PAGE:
06 January 2005

Sterile landscapes vs. Floravista-scapes

Everywhere you drive in Florida you see endless sun-beaten lawns punctuated by a sporadic palm and edged by wall-like hedges and splats of neon-colored Impatiens. Some of these lawns are overgrown and complicated by weeds; others are lush, almost blue-green, perfect, mono-specific expanses of one scientifically created turf cultivar. Amazement arises at the time, cost, water, chemicals, and energy spent to create a perfectly sterile lawn. The scientifically created turf cultivars are products of decades of government-funded and private research. Compared to their predecessors, the latest lawn cultivars may resist weeds or respond better to lawn maintenance practices, however, these scientific inventions consume intensive resources and sometimes harm the environment. Such manicured lawns may only supercede a sterile paved or built surface in environmental benefit measures. What a poor condition with which to compete for a so-called landscape.

Were these lawns part of old Florida, part of the natural Florida heritage? Is this what Florida is supposed to look like?

Floravista-scapes, alternatively, re-create the picturesque landscapes of real Florida. Natural assemblages of fascinating native plant species, organized by architectural elements, such as paths, observation points, water features, recreation areas, seating, grottos, bridges, and arbors, can form a lush, tranquil oasis. Not only an oasis for us, but an oasis for birds, butterflies, and wildlife. Each oasis, or habitat, that a Florivista-scape preserves or creates, cumulatively enriches and preserves Florida's namesake and rich natural heritage.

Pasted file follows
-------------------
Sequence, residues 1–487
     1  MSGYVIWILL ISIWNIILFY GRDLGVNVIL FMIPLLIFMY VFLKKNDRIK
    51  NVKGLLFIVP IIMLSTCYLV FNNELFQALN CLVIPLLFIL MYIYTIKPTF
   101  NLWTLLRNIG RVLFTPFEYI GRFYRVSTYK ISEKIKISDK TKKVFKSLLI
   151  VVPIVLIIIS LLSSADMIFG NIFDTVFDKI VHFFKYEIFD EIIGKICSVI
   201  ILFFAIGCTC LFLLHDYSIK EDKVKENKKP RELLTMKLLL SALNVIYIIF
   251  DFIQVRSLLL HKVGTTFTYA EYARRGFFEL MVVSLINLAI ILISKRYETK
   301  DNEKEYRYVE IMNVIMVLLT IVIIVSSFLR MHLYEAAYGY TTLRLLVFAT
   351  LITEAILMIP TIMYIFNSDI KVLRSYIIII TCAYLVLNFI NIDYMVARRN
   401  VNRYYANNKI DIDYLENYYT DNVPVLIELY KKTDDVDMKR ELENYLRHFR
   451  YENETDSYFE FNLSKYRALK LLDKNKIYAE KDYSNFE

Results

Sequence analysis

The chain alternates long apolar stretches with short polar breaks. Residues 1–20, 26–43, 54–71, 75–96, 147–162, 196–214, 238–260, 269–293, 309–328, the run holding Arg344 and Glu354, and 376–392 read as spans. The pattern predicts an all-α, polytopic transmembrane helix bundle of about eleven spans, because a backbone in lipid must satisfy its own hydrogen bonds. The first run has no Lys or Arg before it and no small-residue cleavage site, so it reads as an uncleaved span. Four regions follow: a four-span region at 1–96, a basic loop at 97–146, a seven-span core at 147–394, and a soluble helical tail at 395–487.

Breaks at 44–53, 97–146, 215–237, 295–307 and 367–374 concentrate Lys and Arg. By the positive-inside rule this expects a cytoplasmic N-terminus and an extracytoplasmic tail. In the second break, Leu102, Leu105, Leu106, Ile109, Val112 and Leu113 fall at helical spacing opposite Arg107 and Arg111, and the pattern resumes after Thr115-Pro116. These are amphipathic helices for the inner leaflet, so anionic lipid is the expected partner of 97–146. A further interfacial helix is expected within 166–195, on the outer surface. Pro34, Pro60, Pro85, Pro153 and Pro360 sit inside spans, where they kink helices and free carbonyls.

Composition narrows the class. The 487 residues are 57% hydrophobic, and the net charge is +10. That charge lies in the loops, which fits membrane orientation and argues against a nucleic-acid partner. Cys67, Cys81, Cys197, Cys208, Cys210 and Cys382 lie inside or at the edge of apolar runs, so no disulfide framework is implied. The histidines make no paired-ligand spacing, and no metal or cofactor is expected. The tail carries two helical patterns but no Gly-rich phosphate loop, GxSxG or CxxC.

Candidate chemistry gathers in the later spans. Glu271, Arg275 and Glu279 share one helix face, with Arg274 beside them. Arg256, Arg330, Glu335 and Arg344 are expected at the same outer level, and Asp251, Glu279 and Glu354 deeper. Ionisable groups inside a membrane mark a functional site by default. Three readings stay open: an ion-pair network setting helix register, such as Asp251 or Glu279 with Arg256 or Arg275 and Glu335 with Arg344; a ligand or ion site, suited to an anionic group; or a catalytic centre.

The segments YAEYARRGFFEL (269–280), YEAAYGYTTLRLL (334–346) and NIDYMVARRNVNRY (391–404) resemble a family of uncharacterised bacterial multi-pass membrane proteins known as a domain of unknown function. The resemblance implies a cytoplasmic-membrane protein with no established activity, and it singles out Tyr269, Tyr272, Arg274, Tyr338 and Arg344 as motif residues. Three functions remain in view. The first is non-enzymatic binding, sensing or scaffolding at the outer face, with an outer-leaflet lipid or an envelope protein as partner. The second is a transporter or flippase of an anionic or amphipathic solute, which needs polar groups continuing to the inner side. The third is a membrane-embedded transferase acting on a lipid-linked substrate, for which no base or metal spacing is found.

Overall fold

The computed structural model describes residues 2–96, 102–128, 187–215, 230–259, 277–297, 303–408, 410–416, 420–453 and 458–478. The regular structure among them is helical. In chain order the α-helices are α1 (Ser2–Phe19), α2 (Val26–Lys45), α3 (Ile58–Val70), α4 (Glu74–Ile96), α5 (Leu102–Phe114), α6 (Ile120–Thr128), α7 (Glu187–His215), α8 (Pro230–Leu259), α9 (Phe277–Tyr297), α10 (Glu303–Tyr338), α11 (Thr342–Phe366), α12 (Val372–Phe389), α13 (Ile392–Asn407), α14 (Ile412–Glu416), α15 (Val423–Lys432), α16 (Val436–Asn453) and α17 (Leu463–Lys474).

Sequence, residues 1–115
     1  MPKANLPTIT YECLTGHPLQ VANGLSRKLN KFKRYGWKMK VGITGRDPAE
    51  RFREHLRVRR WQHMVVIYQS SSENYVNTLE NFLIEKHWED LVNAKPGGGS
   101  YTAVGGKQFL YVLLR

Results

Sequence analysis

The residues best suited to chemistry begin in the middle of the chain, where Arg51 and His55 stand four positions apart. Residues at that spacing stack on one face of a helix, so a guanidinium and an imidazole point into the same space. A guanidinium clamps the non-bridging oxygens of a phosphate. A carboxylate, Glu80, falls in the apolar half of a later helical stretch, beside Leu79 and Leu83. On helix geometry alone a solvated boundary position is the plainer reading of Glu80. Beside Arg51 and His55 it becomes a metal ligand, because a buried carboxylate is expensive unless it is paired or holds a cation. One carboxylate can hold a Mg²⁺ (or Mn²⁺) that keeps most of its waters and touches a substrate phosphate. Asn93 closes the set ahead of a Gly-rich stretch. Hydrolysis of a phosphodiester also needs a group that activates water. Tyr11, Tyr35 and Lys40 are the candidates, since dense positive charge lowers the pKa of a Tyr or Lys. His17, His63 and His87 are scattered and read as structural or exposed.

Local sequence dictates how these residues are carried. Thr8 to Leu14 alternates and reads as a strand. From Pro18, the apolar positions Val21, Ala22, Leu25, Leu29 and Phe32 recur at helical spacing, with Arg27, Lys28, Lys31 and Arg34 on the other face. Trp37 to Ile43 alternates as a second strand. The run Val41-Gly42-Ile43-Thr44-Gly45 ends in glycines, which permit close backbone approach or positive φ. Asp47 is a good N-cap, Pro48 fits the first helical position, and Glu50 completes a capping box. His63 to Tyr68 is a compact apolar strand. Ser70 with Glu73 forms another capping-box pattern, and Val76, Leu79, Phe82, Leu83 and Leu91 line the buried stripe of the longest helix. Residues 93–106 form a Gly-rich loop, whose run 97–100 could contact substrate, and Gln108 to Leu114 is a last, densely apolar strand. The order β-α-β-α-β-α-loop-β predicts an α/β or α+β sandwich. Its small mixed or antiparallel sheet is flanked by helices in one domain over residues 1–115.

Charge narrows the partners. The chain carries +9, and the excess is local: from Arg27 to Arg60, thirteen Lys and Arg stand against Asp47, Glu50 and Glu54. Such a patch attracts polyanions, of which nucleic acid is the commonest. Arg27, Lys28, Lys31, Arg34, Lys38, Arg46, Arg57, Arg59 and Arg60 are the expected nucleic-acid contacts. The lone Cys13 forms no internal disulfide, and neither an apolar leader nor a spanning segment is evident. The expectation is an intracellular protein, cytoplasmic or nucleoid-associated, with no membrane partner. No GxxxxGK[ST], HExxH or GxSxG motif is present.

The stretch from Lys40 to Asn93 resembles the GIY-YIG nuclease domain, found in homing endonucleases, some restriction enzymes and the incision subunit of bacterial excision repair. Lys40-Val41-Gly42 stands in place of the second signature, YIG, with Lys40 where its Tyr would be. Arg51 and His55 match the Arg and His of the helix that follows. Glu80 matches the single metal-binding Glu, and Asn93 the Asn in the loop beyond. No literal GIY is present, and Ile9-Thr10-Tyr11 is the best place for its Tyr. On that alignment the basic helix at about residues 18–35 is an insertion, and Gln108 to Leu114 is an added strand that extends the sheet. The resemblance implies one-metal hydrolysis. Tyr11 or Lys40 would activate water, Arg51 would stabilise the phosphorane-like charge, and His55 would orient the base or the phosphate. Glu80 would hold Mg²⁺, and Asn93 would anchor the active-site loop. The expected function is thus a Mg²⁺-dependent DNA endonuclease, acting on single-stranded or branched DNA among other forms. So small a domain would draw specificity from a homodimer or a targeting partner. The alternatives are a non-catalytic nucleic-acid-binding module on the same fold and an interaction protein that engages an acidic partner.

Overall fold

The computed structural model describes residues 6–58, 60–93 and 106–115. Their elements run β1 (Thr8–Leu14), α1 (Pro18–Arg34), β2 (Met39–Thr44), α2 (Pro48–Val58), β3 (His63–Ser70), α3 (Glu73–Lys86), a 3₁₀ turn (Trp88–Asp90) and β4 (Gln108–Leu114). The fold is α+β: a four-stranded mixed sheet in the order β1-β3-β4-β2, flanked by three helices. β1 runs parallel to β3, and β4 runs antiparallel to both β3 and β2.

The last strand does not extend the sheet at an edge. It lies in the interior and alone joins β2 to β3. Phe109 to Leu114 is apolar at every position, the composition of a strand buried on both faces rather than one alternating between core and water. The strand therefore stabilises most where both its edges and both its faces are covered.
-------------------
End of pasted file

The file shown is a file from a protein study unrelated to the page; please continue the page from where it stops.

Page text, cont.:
At 8:42 AM, Blogger Dicerandra T Cowboy said...

I agree totally and have plans on addressing that in my own yard. I have some native trees but can do more.
I feel strongly that as more and more habitat is consumed by bulldozers, what people do in the own yards becomes more important, especially to our dwindling migratory upland bird population. These birds travel thousands of miles from their summer nesting grounds to their wintering grounds to the south, and expend an incredible amount of energy doing so. Here in Florida along the Atlantic Flyway, we have considerable wetlands protection mandates. This protects some species but is exclusionary of others. Unfortunately our critical uplands habitats are currently being hammered by the largest development boom ever seen, and just the few native trees in my yard get quite a few avian visitors feeding every year.


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